Some Students need personal counseling to help them balance the Demands of school, family and work. Unfortunately, Counselors are stretched thin, often carrying caseloads of Thousands of students.
Continue reading the main story
edintheappl 23 hours ago
Social media rules! Commonly I love them college students are sources of news, reporter Teitt Virtually all are, none responder newspapers. Teachers ...
siwankov 23 hours ago
I am happy. I grew up poor. In elementary and middle school, my peanut butter and jelly sandwich lunch consısted of a, and a chocolate milk ...
ttrumbo 23 hours ago
The biggest problem with the education of children in poverty is poverty. That is where they live and breathe and try to survive, many times ...
SEE ALL COMMENTS
Two Researchers at Stanford University, Eric P. Bettinger and Rachel Baker Analyzed an innovative program in which a professional academic counseling at-risk students The coach calls to talk about time management and study skills. The coach might help a student plan how much time to spend on each class in the days approaching finals, for example. The results are impressive, with coached Students more likely to stay in college and graduate. This program is more expensive than texting - $ 500 per student, per semester - but the effects persist for years after the coaching has ended.
Can nudges help younger children? Susanna Loeb and Benjamin N. York, both also at Stanford, developed a literacy program for preschool children in San Francisco. They sent texts describing simple Activities that parents develop literacy skills, such as pointing out the words that rhyme or start with the same sound. The parents spent more time with them receiving the texts are on thes Aciviies and their children's children were more likely to know the alphabet and the sounds of letters. It cost just a few dollars per family.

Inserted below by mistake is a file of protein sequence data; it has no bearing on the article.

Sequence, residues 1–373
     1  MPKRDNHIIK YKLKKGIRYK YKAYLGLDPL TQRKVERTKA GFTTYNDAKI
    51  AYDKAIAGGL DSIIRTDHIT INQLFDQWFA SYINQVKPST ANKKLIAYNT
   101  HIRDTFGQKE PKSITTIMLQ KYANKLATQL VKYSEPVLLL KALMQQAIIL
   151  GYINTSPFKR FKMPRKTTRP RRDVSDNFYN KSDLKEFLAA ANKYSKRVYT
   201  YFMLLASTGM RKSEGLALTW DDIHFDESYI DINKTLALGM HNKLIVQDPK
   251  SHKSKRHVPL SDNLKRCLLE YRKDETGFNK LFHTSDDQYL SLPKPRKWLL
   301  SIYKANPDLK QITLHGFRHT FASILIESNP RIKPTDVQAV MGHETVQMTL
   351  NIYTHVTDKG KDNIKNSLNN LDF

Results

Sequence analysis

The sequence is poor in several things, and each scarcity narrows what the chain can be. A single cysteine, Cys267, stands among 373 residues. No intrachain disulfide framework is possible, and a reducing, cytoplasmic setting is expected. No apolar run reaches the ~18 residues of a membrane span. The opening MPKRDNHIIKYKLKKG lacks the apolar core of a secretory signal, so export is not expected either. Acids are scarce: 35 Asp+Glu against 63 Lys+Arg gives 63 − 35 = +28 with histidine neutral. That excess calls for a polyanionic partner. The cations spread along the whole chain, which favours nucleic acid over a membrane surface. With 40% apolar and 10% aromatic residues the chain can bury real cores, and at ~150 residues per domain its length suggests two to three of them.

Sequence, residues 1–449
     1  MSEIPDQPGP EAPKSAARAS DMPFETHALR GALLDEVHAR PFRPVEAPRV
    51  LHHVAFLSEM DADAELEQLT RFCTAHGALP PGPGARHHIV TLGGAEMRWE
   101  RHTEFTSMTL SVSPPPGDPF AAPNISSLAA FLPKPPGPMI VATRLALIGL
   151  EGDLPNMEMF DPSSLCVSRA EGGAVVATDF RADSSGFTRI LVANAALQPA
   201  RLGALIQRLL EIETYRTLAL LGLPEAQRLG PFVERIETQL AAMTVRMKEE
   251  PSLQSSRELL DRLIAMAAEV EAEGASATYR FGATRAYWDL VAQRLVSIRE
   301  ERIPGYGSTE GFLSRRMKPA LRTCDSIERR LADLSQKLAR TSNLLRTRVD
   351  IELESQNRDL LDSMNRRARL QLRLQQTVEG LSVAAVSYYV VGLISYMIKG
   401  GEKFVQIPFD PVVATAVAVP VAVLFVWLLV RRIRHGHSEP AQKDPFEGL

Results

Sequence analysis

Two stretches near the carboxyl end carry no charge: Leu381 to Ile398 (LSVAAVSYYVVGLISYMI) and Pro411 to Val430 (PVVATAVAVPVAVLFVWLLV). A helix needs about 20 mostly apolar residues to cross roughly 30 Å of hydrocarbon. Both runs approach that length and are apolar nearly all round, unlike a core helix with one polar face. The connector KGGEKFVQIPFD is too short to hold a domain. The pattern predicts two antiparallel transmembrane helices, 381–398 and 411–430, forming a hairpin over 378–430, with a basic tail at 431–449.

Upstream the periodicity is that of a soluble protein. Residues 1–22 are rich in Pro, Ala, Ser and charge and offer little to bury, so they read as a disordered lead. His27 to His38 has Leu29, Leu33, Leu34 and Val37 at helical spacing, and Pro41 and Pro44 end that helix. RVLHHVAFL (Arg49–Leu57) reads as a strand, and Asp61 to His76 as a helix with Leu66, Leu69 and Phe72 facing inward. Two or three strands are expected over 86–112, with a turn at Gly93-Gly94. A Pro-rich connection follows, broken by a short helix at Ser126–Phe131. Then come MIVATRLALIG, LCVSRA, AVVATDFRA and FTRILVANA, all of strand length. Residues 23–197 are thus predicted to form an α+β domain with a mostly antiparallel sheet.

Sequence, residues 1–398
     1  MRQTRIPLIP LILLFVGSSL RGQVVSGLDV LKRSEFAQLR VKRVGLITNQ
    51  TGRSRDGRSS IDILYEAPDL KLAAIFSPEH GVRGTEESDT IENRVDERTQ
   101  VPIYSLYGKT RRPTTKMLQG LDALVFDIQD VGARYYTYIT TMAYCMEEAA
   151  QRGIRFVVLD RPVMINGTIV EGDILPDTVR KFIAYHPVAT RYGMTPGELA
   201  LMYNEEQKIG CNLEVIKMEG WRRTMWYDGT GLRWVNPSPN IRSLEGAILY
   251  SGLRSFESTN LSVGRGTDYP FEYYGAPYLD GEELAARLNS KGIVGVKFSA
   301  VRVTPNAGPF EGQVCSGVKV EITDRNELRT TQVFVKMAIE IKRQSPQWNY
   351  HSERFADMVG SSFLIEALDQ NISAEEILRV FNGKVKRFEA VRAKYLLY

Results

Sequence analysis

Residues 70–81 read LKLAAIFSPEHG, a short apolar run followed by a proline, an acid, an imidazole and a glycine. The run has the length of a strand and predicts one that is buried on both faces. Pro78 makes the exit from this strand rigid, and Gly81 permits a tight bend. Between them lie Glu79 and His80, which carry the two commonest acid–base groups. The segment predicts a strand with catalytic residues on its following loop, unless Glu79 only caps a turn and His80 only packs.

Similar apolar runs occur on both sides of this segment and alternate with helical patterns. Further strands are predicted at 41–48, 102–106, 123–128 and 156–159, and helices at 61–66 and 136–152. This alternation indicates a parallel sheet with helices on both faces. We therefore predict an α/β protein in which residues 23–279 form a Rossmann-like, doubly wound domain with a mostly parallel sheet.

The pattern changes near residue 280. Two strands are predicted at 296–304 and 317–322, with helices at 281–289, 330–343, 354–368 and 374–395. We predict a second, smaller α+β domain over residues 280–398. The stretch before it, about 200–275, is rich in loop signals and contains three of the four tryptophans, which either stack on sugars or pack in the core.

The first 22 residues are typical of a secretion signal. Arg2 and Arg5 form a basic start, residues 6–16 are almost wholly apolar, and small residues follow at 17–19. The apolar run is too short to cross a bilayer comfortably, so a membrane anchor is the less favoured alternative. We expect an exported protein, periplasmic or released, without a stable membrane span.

Researchers at the University of Chicago and University of Toronto are also working on Methods to develop literacy. Ariel Kalil, Susan E. Mayer families and Philip Oreopoulos you with tips about how to read texts with their preschoolers. The result was that the substantially parents spent more time reading with their children.
Researchers are also testing the effect of giving parents more information about their children's Efforts are in school. A school in Los Angeles, in collaboration with Peter Bergman of Columbia University, personalized text messages sent to parents of middle and high school students. The texts told their parents when the children did not hand in homework assignments, listing page numbers and specific problems for students to complete. The parents and students The Responded: Completed homework grades and test scores went up 25 percent and rose. Other forms of communication between the school and parents who improved, too, with parents are twice as likely to reach out to their children's teachers.
These light nudges can not solve every problem by a long shot. But at a low cost, they can help many students.
Why are not schools, districts and states rushing to set up the measures thes? Maybe because the programs have no natural constituency. They are not Labor- or capital-intensive, so they do not create lots of jobs that are lucrative contracts. They do not create a big, expensive initiative that a politician can point to in a stump speech. They just do their job, effectively and Cheaply.
Susan is a professor of economics Dynars that, education and public policy at the University of Michigan. She has advised the Obama administration on the findings of each student-aid policy research. Follow on Twitter atdynars of each.
The upshot Provides news, analysis and graphics about politics, policy and everyday life. Follow us on Facebook and Twitter. Sign up for our weekly newsletter.